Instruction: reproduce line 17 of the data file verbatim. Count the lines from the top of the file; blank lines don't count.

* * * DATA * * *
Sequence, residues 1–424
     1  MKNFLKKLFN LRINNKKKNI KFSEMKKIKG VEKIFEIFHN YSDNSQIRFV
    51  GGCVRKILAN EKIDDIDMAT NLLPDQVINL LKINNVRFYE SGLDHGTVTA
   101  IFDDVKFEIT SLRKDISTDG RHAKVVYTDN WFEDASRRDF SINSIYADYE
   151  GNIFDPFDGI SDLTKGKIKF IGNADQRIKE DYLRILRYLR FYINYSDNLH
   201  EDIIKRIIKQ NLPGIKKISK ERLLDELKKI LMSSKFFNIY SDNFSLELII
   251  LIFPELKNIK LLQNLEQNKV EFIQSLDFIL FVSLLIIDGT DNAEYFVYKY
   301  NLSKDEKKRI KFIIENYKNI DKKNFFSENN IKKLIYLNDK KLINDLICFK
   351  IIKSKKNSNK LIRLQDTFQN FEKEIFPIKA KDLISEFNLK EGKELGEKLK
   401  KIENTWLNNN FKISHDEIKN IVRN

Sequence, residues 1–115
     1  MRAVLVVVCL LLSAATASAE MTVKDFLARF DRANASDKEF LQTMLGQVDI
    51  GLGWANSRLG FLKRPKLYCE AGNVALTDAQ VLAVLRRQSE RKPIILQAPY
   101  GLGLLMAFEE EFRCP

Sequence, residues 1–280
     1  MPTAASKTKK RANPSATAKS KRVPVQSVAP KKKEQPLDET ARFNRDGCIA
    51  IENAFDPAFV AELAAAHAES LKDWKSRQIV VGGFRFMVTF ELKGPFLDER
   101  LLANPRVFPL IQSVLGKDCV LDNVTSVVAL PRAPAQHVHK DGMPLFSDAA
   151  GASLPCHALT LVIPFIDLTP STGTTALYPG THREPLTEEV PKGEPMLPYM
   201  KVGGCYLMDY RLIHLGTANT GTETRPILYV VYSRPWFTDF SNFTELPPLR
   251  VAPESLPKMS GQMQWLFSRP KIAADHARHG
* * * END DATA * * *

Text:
    51  IENAFDPAFV AELAAAHAES LKDWKSRQIV VGGFRFMVTF ELKGPFLDER